Traveling To Europe? You Need To Know About This Scam!

I have heard multiple times already this year about a new-ish scam that is running in Italy and across Europe. I haven’t encountered this one yet myself but it sounds like it is going to be everywhere this summer. Originally I planned to send this a an email to the travelers on my upcoming Glam Italia Tours, but as so many of you will also be heading to Europe this summer I want you to be aware too.

Scams To Be Aware Of In Europe

Any place that has lots of tourists is going to have its share of scammers and petty thieves hoping to separate them from their valuables.

The following are three scams you need to be watching out for, number three is the new one.

1. Be Wary Of Beggars

Just as we have homeless people panhandling here in the USA, in Europe you will see beggars, especially around big tourist attractions. In Italy you will see them around the big churches and cathedrals, in Paris you see many more, and they seem to be on the streets in the busy areas.

I will happily buy food for the hungry, and do it all the time, but when it comes to beggars in Europe I generally keep my distance. I am there often enough to see the same faces working the same places, year in and year out.

You will see gypsy women on their knees in the gutter, crying and begging for money. Look a little closer and you will see they’re not thin or starving, in fact plenty of them are chunkier than I am! Often (but not always) they work in teams. Their partners are watching from across the street or somewhere nearby to see where you pull your money from, and what valuables are on your wrists and fingers. A few minutes later they bump into you or distract you, and before you know it your wallet is gone, your watch is gone or whatever they wanted is gone.

As much as you want to be compassionate, don’t be.

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2. The Ring Scam

This one has been happening in Paris forever, but last year while there I finally was able to see it in action. I let it keep going for ages just because I was so entertained, but I seriously advise you to walk away and not engage should this happen to you.

The way it works is the scammer will pretend to find a ring on the ground not far from you. They will politely ask if you dropped it or if it is yours. As they look at it they will tell you it has an inscription, normally something to do with how many carats gold it is.

If you let them keep talking they will tell you they don’t have papers to be in the country so can’t turn it in or sell it, and then they try to convince you to buy it from them.

Remember if you let these people get physically close to you chances are they will rob you without you being even slightly aware of what is going on. And of course, do not even think about buying the ring! It is a fake, and on top of that you are showing them where your money is.

I haven’t been aware of this scam in Italy, but then again after a lifetime of going back and forth to Paris, last summer was the first time I actually saw it there, so who knows?

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3. The Bracelet Scam

This one is happening in Italy at the moment. I have seen it discussed on some of the Facebook groups and travel forums I belong to several times already this year. So far travelers have been in Florence and in Milan when this has happened, but it no doubt happens elsewhere too.

A man or woman stops you and asks you the time or for directions, (or for whatever they can get you to stop for) then they grab your wrist and tie a bracelet onto it. As soon as it is tied they start demanding money for it. Travelers have reported being followed down the street, and one reported being threatened. Aparently the scammers are quite aggressive.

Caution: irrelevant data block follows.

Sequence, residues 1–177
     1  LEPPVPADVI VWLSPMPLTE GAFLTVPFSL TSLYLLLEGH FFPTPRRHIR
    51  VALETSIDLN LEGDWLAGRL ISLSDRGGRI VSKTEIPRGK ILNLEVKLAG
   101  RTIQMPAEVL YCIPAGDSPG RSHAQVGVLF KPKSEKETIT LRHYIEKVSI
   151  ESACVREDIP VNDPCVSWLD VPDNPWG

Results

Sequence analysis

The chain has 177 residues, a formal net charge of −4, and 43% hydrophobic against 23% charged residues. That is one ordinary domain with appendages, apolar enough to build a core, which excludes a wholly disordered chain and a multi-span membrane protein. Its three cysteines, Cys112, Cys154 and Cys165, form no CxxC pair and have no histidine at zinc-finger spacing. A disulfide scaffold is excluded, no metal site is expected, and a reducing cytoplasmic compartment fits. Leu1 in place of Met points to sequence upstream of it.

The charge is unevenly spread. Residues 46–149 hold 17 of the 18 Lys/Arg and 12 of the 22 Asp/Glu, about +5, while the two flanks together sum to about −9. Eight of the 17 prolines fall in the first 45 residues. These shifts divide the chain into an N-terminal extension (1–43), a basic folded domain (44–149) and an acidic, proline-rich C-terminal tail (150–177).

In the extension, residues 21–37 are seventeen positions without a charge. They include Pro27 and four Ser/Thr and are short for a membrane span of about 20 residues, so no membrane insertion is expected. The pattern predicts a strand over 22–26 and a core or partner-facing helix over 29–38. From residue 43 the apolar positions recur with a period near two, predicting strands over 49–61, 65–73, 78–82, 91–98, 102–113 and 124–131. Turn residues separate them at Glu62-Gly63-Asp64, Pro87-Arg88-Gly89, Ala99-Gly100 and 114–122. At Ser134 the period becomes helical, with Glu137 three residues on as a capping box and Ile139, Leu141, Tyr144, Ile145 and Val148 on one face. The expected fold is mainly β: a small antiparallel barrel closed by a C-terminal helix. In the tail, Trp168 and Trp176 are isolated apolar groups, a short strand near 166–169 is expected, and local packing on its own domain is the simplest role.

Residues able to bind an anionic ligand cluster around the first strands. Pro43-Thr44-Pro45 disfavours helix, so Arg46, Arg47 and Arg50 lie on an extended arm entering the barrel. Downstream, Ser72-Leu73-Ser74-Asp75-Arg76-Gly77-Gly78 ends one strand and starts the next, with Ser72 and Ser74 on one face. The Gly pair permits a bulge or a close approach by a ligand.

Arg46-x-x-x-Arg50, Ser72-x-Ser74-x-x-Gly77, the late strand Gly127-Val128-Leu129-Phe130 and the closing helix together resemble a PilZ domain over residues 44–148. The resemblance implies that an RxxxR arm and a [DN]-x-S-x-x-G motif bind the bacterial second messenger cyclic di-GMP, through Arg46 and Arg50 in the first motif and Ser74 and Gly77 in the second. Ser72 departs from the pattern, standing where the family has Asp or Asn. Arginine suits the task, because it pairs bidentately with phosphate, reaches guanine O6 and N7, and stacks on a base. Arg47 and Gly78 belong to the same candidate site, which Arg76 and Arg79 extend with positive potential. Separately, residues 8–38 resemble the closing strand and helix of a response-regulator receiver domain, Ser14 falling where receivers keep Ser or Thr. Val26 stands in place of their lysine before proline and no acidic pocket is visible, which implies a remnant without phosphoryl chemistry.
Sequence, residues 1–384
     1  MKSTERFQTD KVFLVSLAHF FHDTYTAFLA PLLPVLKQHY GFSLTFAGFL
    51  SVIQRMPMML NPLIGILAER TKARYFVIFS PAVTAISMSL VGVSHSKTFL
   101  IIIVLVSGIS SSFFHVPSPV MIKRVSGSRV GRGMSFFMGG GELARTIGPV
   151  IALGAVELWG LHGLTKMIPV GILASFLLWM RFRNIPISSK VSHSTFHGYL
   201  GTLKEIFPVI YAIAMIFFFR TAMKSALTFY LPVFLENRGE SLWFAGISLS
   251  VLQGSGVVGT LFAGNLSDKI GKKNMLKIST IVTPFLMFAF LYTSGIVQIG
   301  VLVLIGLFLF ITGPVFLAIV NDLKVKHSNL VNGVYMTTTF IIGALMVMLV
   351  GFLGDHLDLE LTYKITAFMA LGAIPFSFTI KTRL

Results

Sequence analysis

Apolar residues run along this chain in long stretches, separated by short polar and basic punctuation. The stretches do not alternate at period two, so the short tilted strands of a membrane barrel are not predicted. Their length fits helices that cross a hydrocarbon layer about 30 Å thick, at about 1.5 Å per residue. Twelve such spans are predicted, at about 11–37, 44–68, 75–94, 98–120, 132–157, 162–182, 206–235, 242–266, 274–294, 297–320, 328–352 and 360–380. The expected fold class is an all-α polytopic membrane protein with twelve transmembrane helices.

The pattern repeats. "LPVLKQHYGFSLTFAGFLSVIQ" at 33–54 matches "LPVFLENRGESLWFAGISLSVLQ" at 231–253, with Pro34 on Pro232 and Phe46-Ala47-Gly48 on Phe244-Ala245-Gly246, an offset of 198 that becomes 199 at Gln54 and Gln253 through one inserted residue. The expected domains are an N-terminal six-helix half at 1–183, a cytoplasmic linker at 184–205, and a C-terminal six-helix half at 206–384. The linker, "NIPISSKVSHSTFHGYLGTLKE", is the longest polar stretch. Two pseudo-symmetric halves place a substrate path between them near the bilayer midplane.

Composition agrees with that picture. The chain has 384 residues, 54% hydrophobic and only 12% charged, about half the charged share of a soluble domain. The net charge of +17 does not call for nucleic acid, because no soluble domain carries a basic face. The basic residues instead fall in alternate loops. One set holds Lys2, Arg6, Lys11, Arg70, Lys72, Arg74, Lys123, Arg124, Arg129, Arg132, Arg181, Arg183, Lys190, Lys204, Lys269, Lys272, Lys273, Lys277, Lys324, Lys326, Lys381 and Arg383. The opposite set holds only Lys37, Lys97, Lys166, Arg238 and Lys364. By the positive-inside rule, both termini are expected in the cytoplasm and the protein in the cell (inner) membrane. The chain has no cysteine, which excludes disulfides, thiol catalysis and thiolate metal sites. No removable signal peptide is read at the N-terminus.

Should this happen to you, yell at the top of your voice. They figure that you will quietly acquiesce and they will get away with it. If you make a lot of noise other people will stop and any police in the area will come (if they hear you). The last thing a scammer wants is the attention of a crowd or of the police, so make as much noise as you can.

While you are traveling you need to be aware of pickpockets and scammers. If someone approaches you, don’t stop to speak to them. Scammers are banking on you being naïve, gullible and unaware. They plan on you thinking it would be rude not to stop and acknowledge them.

The ladies traveling with me are pretty much safe, because I think, scammers can smell the fierceness of a firey redhead coming their way and won’t waste their time with the significant trouble on the immediate horizon (me) when there are plenty of unsuspecting tourists to pick on.

That being said, I will be telling my travelers exactly what I am telling you:

*Keep your handbag closed at all times. If your bag has a flap closure wear the flap side against your body.

*Always keep your hand on your bag.

*Guys, don’t put your wallet in your back pocket.

*Don’t stop and talk to people who approach you– if someone needs to know the time or needs directions there are plenty of other people they can ask. An Italian is not going to stop a tourist – they will ask another Italian. If someone is approaching you, trying to get your attention or trying to talk to you, ignore them and keep moving.

The best way to avoid pickpockets, gypsies et al is to be aware. Know they are out there but that they are looking for easy pickings. When you look like you are aware of your surroundings and your belongings you are less enticing. Don’t hang your handbag on your chair, don’t put your bag or your camera down and turn your back on them, don’t flash money around.

Before you let yourself get panicked, remember that here in the USA the bad guys have guns. In Italy and across Europe they don’t.


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